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  • Anthony Bryant
    ... this song. (time ... This one set off my smell-o-meter. Why do cows go to market? To be sold for meat. Japan historically did not eat beef, did not drink
    Message 1 of 12 , Jan 10, 2006
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      JESSICA DODGE wrote:
      > I am looking for the translation of an old Japanese folk song called
      > "Dona Dona Dona"
      > It is about a cow going to market.
      >
      > I was also wondering if anyone has any information on
      this song. (time
      > period, region, that kind of thing) thanks Bunches,


      This one set off my "smell-o-meter." Why do cows go to
      market? To be sold for meat. Japan historically did not eat
      beef, did not drink milk, and except for a few Nara/Heian
      centuries, did not eat cheese.

      Something didn't seem right.

      If it *did* exist, I figured it was a translation of
      something European.

      So I went digging. I found the words (a couple of
      variations, actually. But more important, on
      http://www.bekkoame.ne.jp/~hiroko.k/sukonbu/donadona.html
      I found this:

      __________________________________________
      DONA DONA

      (Original Yiddish words by Aaron Zeitlin and Shalom Secunda;
      English translation by Arthur Kevess and Teddi Schwartz)

      On a wagon bound for market
      There's a calf with a mournful eye.
      High above him there's a swallow
      Winging swiftly through the sky.

      How the winds are laughing
      They laugh with all their might
      Laugh and laugh the whole day through
      And half the summer's night.

      Dona dona dona dona
      Dona dona dona down
      Dona dona dona dona
      Dona dona dona down

      "Stop complaining," said the farmer,
      "Who told you a calf to be"
      Why don't you have wings to fly away
      Like the swallow so proud and free?"

      Calves are easily bound and slaughtered
      Never knowing the reason why.
      But whoever treasures freedom,
      Like the swallow must learn to fly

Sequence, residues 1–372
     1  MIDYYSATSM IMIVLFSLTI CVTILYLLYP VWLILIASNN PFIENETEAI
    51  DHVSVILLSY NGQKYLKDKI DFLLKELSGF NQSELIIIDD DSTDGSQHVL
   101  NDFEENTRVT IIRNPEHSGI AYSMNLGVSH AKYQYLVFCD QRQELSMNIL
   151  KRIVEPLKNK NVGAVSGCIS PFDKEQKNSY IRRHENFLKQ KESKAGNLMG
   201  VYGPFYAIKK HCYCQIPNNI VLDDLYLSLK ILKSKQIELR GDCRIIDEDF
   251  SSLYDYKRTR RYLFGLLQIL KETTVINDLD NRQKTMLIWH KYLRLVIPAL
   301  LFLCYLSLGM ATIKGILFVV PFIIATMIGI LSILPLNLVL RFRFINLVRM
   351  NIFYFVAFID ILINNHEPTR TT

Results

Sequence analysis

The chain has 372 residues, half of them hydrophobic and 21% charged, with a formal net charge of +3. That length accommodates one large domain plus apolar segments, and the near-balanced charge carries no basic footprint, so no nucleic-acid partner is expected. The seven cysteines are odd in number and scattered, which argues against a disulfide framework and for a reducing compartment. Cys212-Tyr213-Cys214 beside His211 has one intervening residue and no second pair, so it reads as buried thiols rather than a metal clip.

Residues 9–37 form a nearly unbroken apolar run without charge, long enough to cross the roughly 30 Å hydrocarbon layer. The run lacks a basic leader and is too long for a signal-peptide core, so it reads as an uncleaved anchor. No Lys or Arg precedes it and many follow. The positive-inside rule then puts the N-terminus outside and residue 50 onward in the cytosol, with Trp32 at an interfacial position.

Words by Arthur Kevess and Teddi Schwartz
      (C) 1940 Mills Music Inc.
      __________________________________________

      Not only non-Japanese, but INCREDIBLY post-Period. <G>


      Effingham
      --

      Anthony J. Bryant
      Website: http://www.sengokudaimyo.com

      Effingham's Heraldic Avatars (...and stuff):
      http://www.sengokudaimyo.com/avatarbiz.html

      All sorts of cool things Japanese and SCA:
      http://www.cafepress.com/sengokudaimyo
    • JESSICA DODGE
      Thank you, for the info. Please, please please, do not take this the wrong way. You said Not only non-Japanese, but INCREDIBLY post-Period I really don t
      Message 2 of 12 , Jan 10, 2006
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        Thank you, for the info. Please, please please, do not take this the wrong way.
        You said "Not only non-Japanese, but INCREDIBLY post-Period"
        I really don't care. I am a beginning bard with very very little memorized, and even less research cababilities at the mommnet. I want some japanese songs. untill I can find something other than "Sakura" to sing, I will sing what I can find.

        Again, please please please do not take this as being rude. I have very high respect for you, and try to soak up everything you say. (you have are much more knowledgeable and experienced than I) And I really do thank you very much for your information.